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Problem about tension

  1. Dec 1, 2003 #1
    Dear all :

    I have one question about tension that is following :

    The human forearm and hand can be modelled as a beam that is pivoted at one end(the elbow) and supported (by a muscle) at a short distance from the pivot. The beam(forearm) is horizontal, the muscle is vertical, the centre of mass of the beam is 15cm from the pivot, and the point of attachment of the muscle is 4 cm from the pivot. The mass of the beam is 2 kg. The pivot is frictionless.

    Calculate the magnitude of the tension in the supporting muscle.

    In my idea, torque = r x F = 0.15 x (2)(9.8) = 2.94Nm.

    Is the tension in the supporting muscle -2.94Nm?

    Thank very much. Good bye

    Billy
     
  2. jcsd
  3. Dec 1, 2003 #2

    jamesrc

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    Gold Member

    No, the tension in the muscle is a force, not a torque. Balancing the torques about the pivot, you will get that T*4cm = mg*15cm; solve for T.
     
  4. Dec 1, 2003 #3
    Thank very much. I understand your idea.

    On the other hand, the torque of this case should be (0.04m)(2kg)(9.8ms-2) = 0.784 Nm. Do you agree?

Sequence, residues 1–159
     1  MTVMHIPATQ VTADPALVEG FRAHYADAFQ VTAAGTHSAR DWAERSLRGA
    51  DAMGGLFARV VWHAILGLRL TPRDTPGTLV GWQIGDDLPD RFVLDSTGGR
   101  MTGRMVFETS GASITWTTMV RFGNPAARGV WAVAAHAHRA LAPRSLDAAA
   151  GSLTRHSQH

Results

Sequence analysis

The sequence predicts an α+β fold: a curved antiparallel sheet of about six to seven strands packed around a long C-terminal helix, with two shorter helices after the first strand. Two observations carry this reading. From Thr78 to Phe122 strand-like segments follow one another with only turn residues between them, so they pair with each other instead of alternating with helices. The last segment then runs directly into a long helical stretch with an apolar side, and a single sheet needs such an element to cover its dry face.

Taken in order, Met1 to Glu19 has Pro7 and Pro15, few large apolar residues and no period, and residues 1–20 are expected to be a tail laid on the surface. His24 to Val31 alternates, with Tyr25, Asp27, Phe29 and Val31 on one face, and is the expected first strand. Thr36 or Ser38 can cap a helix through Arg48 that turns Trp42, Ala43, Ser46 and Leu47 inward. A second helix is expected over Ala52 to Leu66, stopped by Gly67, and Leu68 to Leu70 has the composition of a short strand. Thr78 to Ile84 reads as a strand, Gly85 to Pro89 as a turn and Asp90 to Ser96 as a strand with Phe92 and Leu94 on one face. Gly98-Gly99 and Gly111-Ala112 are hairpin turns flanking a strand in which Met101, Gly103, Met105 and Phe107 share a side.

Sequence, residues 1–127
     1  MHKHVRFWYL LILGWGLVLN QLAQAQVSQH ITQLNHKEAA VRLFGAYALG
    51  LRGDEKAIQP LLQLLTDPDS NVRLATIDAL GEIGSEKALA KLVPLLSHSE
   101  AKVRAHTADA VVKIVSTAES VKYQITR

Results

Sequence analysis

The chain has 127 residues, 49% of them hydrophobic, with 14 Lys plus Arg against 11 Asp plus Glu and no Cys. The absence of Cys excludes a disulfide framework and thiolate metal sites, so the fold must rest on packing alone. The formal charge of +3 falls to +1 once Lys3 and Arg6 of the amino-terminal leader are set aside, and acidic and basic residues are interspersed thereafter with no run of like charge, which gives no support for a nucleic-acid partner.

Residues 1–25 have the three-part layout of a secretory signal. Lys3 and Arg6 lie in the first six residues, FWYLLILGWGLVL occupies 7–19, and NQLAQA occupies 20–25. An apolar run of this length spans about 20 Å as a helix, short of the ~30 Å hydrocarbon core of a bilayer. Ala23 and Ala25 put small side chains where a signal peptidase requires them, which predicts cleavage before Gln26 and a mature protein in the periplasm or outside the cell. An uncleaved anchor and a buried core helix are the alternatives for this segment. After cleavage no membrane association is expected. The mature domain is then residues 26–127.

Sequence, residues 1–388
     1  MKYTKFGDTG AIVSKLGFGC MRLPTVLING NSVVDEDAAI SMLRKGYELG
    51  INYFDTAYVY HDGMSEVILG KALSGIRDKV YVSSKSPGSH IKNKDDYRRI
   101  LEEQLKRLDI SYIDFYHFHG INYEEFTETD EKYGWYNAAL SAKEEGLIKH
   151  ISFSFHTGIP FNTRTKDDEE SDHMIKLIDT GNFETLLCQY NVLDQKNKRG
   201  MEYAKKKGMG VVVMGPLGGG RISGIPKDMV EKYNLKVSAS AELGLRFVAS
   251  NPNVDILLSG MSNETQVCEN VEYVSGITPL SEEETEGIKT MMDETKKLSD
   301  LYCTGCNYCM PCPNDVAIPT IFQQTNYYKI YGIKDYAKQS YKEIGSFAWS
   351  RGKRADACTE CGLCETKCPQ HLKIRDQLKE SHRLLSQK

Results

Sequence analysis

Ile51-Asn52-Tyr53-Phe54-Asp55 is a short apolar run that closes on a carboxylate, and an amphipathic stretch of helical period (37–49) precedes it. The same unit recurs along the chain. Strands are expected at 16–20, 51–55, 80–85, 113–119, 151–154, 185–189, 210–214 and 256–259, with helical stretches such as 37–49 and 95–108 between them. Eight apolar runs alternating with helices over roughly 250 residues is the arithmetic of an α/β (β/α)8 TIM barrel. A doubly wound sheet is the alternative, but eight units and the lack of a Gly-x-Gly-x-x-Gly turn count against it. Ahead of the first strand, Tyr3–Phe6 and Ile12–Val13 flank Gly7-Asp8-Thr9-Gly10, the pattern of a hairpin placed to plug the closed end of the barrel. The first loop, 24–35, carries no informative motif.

And then what is the force exerted on the forearm by the rest of the arm at the elbow(pivot) if the forearm is stationary and in equilibrium?

    Thank a lot. Good Bye

    Billy
     
    Last edited: Dec 1, 2003
  5. Dec 2, 2003 #4

    Jer

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    Torque (moments) is all relative to where you set your datum. So for instance, if you set your datum to be the end from which the dimensions are measured from, you'll get a torque of:

    F*d(distance to force from datum)

    F = the force due to gravity...i.e. 2kg*9.81m/s^2 = 19.62 N
    d = 15 cm = .15 m

    So therefore the torque would be 19.62*.15 = 2.943 N*m
     
  6. Dec 2, 2003 #5

    Jer

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    Oh, and your acceleration of (9.81 - 2) is kind of odd. I'm not sure where you're getting the -2 from, seeing as how acceleration of gravity will always be 9.81 (generally speaking).
     
  7. Dec 2, 2003 #6
    Thank very much. The mass of the object is 2 kg. Good Bye
     
  8. Dec 2, 2003 #7
    Last question, how do we calculate the magnitude of the horizontal component of the force exerted on the forearm by the rest of the arm when the foream is horizontal? Thank a lot.
     
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